Sunday, December 5, 2010
Diary of a Lost Girl (1929)
Louise Brooks and director G.W. Pabst collaborated on two films in 1929. The first, Pandora’s Box, centres on an enigmatic prostitute who’s both predator and prey to the misogynistic males around her. The second is Diary of a Lost Girl.
You’ll see the same Louise Brooks in both films—the same iconic body and face, given the same emphasis by Pabst’s dreamy lens. But while Pandora is a philosophical film, asking complex questions about culpability and lust, Diary is merely decorative. Where Pandora uses style to make a point, Diary is satisfied with style itself.
Easy enough when you’ve got Louise Brooks, right? No silent actress had beauty more timeless than hers—more sensual than Bow’s, more adult than Pickford’s, more childish than Gish’s and more approachable than Garbo’s—classic in all periods. But also abstract. That long neck, that alabaster face framed by the geometric, jet-black bob; she looked less like a flapper than a design for one. It’s almost a costume, and in Diary, I think, Pabst wanted to find out how much could be said with that costume alone. Particularly the hair.
Brooks’ Thymian Henning is a wide-eyed, blinking innocent. The only daughter (as far as she knows) of a pharmacist (Josef Rovensky), who sleeps with his housekeepers. Her father’s business partner is Meinert (Fritz Rasp), who invites Thymian to a nighttime meeting in the pharmacy, then rapes her.
These are the facts of Thymian’s downfall, but it’s the visuals you’ll remember: Rasp’s pointy nose, weak chin and wide mouthful of teeth, making him look like a shark. Thymian, lying slack in Meinert’s arms; her elegant white neck arching over his bicep. The zigzag design of her haircut pointing to her abuser and the dangling locks symbolizing her helplessness. As shallow as it sounds, Brooks’ hair is the barometer of the scene; the symbol of Thymian’s wellbeing. It will be this way throughout Diary.
Thymian gives birth to a child and is disgraced, while her father takes up with his latest housekeeper, Meta (Franziska Kinz). Meta is plain-dressed and unadorned. And severe—an underling like the others, but unwilling to bow to him. Like some of Pabst’s other male characters, Mr. Henning balances his lust not with temperance, but with self-hatred—he desires to be dominated and punished. And so he marries Rectitude, who sweeps his life clean of sin without him lifting a finger. His grandchild is sent to a midwife and Thymian to a home for wayward girls.
There she meets the hulking, bald Headmaster and his wife: a pair of blatant sexual deviants who run their facility military-style. Thymian and her fellow inmates are reduced to automata, even slurping their soup in unison. The wife leads them in relentless calisthenics routines, more to satisfy her own requirements than theirs, slathering as she watches them. The Headmaster gleefully schedules one for ‘punishment’ in his logbook, before testing out her confiscated lipstick on himself. Meanwhile, the girls climb in bed together and play footsie under the dinner table.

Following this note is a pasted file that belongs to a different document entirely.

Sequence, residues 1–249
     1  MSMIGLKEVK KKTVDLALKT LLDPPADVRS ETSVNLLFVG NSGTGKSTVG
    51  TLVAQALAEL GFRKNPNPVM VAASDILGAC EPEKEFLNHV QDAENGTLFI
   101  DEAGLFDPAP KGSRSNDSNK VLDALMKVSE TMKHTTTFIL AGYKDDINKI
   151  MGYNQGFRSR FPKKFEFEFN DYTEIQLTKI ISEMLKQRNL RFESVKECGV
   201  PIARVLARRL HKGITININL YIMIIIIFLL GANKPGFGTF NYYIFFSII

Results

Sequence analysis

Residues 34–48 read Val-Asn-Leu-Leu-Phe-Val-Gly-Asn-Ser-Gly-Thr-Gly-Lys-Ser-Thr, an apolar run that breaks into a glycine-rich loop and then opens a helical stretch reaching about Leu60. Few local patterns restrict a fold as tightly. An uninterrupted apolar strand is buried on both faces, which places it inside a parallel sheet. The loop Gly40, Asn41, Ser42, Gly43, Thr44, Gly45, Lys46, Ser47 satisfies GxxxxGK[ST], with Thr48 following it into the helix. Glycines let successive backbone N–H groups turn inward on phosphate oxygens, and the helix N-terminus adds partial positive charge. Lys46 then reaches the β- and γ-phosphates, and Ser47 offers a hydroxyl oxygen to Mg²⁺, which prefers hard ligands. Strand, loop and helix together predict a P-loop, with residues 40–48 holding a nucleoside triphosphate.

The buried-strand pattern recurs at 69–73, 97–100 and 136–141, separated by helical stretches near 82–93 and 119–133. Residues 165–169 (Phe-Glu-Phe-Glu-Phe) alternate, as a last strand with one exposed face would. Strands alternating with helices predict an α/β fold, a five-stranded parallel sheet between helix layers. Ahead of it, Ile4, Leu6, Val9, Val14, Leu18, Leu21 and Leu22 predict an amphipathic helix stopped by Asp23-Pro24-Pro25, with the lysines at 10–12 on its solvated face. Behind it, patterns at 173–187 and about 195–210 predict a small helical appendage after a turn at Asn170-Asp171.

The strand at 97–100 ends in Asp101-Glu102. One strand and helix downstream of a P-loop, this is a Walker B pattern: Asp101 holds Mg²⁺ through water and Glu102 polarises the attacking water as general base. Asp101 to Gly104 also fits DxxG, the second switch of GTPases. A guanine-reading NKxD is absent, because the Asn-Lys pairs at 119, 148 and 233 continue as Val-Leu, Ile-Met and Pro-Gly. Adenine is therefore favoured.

Thymian doesn’t partake. Eventually she escapes, thanks to her friend, the nephew of Count Osdorff. The younger Osdorff is a dilettante with no survival skills and now, no money; his stern uncle, the Count, has cut him off until he can find something useful to do. Instead, he hangs out in a high-end brothel, and that’s where he takes Thymian to hide. There she meets a Madame, who sees tremendous earning potential in Thymian, despite her prison scrubs and combed-back hair.
The Madame’s own look is remarkably benevolent—that of a grey grandma swimming in comfy fat. When she holds up a pretty new dress for Thymian to wear, we almost believe she has good intentions. Only when Pabst zooms in on her face, and her eyes widen, and her lips smack, do we see her corruption. That’s all it really takes. And naturally, when Thymian reemerges in her new finery, glamour restored, her hair is magically restyled too.
Hands also matter in this picture. Meinert’s fingers are depicted as clenching claws, while the Headmaster raps his fingers ominously and clutches his girls by the backs of their necks. Count Osdorff, disciplined and proper, keeps a pair of gloves between his palm and Thymian’s wrist. The Henning family’s benevolent lawyer kisses Thymian’s hand with fervency—not from passion, but to express his absolute faith in her character, after witnessing Thymian turn down her now-deceased father’s inheritance and divert it to her mortal enemy, Meta. Meta, despite having two children with her husband, is left out of his will. One of those children is a little girl with a haircut like Thymian’s.
Though penniless through her act of charity, Thymian persists. The elder Osdorff becomes her benefactor—platonically of course—and reestablishes her in polite society. So completely does she leave her past behind that no one suspects her of being a former unwed mother, juvenile delinquent, runaway, or prostitute. She even joins a committee of bored socialites who oversee the very juvenile facility she once lived in. And so Thymian has a chance to visit the Headmaster once more, and influence the success of his horrible little prison. Will she do right by the other lost girls? Probably, yes. And more importantly, will she look good doing it?
Click here for my post on Pandora's Box.
Where to find Diary of a Lost Girl:
Diary of a Lost Girl is available on DVD courtesy Kino International.